“The expression ‘ambitendency’ is a way of denominating the contradictory nature of energy. There is no potential without opposites, and therefore one has ambitendency… The libido [has] direction, and it can be said of any function that it has a purposive nature. Of course, the well-known prejudice against this viewpoint that has existed in biology has to do with the confusion of teleology with purpose. Teleology says there is an aim toward which everything is tending, but such an aim could not exist without presupposing a mind that is leading us to a definite goal, an untenable viewpoint for us. However, processes can show purposive character without having to do with a preconceived goal, and all biological processes are purposive. The essence of the nervous system is purposive since it acts like a central telegraph office for coordinating all parts of the body. All the suitable nervous reflexes are gathered in the brain. Coming back to the original point about ambitendency. Energy is not split in itself, it is the pairs of opposites and also undivided–in other words, it presents a paradox” (p. 86).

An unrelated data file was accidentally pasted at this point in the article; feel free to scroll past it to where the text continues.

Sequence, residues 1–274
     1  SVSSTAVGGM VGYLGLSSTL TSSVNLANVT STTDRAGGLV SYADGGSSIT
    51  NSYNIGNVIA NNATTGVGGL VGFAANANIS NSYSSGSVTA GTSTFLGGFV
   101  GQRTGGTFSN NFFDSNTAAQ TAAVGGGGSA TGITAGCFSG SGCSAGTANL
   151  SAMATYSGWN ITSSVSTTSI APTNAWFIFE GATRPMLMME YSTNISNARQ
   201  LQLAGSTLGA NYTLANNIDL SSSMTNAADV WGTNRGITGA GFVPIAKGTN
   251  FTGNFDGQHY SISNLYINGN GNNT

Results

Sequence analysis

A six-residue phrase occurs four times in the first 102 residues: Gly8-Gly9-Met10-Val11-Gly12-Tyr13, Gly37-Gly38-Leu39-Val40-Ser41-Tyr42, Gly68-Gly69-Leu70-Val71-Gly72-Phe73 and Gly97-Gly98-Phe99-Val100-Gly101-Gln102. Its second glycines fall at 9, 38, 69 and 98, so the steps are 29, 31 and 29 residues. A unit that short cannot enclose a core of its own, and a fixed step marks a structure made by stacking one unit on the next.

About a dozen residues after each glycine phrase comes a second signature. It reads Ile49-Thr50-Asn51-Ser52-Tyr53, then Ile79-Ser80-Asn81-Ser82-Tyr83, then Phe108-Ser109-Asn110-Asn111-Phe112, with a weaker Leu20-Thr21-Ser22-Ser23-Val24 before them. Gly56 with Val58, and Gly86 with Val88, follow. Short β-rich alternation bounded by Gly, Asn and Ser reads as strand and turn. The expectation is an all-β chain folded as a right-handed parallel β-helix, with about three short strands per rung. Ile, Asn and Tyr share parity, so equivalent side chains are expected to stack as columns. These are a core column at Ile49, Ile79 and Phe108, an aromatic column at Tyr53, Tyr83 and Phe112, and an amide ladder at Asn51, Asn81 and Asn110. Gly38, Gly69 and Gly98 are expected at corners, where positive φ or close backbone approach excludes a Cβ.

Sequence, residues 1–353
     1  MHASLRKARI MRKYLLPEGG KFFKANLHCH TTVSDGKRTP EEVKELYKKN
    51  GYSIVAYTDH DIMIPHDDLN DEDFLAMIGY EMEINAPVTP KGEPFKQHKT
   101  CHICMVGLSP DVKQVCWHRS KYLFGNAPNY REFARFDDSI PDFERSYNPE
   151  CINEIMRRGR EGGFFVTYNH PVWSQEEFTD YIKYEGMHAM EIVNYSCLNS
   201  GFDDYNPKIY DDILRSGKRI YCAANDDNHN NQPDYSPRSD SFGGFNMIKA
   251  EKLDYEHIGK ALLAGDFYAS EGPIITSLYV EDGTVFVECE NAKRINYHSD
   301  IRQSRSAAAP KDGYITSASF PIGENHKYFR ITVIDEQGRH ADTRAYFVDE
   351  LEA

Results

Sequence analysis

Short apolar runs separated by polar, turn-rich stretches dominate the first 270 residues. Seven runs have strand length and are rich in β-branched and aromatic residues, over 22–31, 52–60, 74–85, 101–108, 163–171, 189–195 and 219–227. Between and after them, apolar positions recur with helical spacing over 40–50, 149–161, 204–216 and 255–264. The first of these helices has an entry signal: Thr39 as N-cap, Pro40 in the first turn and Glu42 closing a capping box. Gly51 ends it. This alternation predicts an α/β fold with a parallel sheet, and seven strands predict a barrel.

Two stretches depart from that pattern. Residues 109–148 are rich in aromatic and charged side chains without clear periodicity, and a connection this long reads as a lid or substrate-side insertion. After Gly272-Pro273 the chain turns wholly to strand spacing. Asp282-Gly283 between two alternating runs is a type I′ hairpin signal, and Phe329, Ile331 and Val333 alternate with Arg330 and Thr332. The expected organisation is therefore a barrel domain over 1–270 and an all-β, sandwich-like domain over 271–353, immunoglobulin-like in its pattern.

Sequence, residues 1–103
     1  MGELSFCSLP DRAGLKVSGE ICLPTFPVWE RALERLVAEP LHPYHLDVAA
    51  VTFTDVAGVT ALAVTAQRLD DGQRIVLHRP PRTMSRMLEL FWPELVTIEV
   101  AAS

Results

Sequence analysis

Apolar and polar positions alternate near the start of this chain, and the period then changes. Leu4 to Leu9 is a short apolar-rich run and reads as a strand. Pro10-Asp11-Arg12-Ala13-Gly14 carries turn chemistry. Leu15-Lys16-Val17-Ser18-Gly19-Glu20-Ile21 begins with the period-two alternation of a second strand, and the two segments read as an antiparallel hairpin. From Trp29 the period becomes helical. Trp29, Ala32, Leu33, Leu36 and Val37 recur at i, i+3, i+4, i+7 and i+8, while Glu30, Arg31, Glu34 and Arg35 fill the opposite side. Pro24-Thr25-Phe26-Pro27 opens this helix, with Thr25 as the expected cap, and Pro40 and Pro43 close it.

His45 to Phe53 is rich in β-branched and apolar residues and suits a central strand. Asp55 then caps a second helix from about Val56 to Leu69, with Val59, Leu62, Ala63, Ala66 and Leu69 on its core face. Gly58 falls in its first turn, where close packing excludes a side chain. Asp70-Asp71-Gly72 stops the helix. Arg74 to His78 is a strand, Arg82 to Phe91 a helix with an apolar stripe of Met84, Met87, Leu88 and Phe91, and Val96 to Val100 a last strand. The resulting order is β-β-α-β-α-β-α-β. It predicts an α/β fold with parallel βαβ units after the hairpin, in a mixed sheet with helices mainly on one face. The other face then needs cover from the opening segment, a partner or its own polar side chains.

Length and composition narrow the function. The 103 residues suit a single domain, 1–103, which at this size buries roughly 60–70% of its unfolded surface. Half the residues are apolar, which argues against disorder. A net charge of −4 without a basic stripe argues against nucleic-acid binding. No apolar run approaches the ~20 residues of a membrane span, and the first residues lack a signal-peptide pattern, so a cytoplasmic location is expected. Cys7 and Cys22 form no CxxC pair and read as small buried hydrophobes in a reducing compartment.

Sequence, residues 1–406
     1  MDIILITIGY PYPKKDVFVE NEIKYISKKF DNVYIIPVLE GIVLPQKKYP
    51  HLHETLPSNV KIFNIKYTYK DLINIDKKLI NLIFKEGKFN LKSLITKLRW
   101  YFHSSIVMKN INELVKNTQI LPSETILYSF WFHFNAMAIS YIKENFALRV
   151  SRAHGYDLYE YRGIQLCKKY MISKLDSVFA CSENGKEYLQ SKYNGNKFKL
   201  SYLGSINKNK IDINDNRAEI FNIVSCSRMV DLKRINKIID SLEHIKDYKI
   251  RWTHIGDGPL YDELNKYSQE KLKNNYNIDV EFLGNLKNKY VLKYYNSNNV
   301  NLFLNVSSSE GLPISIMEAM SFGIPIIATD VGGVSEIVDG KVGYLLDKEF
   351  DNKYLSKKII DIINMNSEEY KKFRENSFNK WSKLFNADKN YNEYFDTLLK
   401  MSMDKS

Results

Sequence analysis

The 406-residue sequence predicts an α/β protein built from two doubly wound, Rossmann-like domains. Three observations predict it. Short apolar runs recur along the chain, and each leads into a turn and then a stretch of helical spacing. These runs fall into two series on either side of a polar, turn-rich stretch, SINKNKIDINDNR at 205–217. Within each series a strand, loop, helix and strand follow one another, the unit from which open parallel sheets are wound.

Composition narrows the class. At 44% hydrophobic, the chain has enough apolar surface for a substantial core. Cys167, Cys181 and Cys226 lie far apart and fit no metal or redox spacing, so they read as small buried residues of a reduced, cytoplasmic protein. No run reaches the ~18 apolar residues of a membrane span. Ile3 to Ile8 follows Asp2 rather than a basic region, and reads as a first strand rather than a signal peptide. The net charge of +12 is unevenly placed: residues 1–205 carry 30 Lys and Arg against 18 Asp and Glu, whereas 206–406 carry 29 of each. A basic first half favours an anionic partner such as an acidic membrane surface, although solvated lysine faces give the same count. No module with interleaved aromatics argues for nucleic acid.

Our instincts, in the form of libido, appear to have a somewhat purposive character. This purposive character is expressed through the ambitendency of the libidinal energy, always expressing itself in archetypal pairs of opposites. The larger movement of libido is dialectically integrating though this ambitendency, as it seeks to assimilate the ‘unassimilable’.
The dialectical movements of psychic life involves a process in which opposites integrate into new syntheses. Upon integration a horizon of knowing emerges, bringing with it new oppositions. We seek to assimilate the unassimilable. The unassimilable is both ‘the thing’ that gives rise to a primordial tension, as well as a horizon toward which we are instinctively drawn.